Ellyse Perry on her way to a half-century at Taunton. © Getty Images

While many believe Australia should have dangled a carrot and declared after tea to give England a sniff, Mott said, that realistically, his bowlers were unlikely to have been able to dismiss the hosts in 40 overs.

“We probably worked on the math that we needed at least 70 overs to get them out. I think if we did get a couple of early wickets, bunkering down on that wicket would’ve been okay. We probably could’ve rolled the dice at the end there, but what are we going to get out of it apart from being out in the field for an hour and a half, two hours? I don’t think a result was really possible.”

“I think we put our eggs in one basket—to knock them over before the follow-on. We sort of hypothesised a few different ideas on what would happen, but basically the math wasn’t working out to get enough overs in to bowl them out, and that’s what it came down to. We thought of every possible scenario and the gut feel from all the leadership group at the end was that we just didn’t have enough time. There was always a responsibility to play good cricket.

All of Australia’s players talked about playing aggressive cricket, ‘wanting to win’ and a positive style being the ‘Australian way’, however, through the Test match, there was very little intent on display from both sides. On the one hand, there was Australia’s refusal to declare earlier in both innings, and on the other, was England’s ultra-defensive approach on the third evening that effectively ended their chances of winning.

“I think the way we play the game is very aggressive from the outset,” said Mott. “Unfortunately probably England batting for 110 overs just to pass the follow-on and then the rain delay took too many overs out the game.”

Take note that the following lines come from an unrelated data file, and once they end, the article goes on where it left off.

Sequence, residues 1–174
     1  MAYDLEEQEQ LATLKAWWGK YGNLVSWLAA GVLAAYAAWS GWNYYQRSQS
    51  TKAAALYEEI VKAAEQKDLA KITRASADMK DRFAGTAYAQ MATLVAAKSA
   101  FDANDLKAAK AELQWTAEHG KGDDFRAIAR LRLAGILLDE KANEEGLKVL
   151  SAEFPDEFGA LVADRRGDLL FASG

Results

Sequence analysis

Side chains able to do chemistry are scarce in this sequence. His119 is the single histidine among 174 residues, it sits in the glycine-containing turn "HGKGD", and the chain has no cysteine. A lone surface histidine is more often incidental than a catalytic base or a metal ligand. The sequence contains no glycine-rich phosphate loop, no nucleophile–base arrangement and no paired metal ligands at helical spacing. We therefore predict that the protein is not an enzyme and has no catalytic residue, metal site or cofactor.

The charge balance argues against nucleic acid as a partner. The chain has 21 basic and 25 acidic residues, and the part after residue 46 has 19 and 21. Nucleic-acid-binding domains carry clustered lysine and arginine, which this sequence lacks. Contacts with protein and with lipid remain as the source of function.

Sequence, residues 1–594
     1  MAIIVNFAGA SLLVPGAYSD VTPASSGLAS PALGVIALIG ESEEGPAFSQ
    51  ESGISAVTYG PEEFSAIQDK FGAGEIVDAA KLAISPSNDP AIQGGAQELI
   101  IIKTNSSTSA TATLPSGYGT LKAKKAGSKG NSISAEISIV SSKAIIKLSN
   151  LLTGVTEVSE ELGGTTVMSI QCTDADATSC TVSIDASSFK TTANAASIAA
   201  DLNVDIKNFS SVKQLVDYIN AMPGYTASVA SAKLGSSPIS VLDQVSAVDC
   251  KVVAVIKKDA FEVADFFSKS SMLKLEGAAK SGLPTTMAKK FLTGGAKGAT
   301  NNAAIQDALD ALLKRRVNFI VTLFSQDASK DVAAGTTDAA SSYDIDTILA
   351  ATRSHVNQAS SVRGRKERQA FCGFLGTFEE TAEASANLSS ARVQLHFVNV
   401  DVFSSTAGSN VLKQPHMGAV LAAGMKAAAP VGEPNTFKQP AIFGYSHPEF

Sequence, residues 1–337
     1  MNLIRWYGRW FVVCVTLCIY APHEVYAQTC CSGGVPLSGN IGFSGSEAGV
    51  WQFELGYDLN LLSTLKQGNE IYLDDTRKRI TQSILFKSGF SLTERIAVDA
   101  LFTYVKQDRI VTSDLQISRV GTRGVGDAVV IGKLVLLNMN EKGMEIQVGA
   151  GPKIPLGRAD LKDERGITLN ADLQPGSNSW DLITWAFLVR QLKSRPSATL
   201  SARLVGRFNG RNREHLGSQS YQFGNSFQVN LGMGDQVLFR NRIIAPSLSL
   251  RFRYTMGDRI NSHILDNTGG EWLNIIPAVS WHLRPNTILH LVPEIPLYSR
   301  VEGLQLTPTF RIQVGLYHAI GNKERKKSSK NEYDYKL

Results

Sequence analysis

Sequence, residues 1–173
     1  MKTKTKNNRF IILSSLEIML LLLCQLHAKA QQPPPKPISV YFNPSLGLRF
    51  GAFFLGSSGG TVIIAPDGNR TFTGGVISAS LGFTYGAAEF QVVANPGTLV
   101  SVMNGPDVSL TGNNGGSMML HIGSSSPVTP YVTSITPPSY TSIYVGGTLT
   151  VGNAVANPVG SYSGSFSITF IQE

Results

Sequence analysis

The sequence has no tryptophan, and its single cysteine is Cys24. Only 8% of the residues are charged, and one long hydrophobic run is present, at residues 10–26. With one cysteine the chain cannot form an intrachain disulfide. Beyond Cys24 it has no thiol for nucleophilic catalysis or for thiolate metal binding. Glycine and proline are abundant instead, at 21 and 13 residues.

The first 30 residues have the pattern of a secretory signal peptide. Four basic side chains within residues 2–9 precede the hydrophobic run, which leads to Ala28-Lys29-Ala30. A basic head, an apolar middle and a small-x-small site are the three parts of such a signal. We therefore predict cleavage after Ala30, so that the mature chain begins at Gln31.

“Given the context of the Test match and given that we held all the aces I think England really needed to come out and score quicker in that first innings and take the game on. That might’ve changed the position that we were in. Unfortunately we (were) backed into a corner. There just wasn’t enough overs on a pretty good wicket. I don’t think the wicket changed at all from day one. I think it spun more on day one than it did today. We ran out of time basically, and maybe it is an advertisement for 5-day Test matches in women’s cricket.”

Their tactics through the Test match have meant Australia retained the Ashes having secured eight points in the series. England are effectively out of the running, but they can still manage to tie the series if they win the remaining three T20Is.

The visitors are aware of the danger Heather Knight’s team pose in the shortest format. Having ties the previous series at 8-8, Australia are keen to right those wrongs this time around.

“I think England are a very good team. As I said, they are the ODI World Champions. They quite rightfully are very strong no.2 team at the moment. I think the longer the game goes on, I think in Test cricket we’d obviously feel like we got their measure in terms of if we were able to play a little bit more of it. I think when it comes back to T20 the sides get a lot closer and there’s not that gap there. So we’ll have to be ready to go, come Chelmsford.”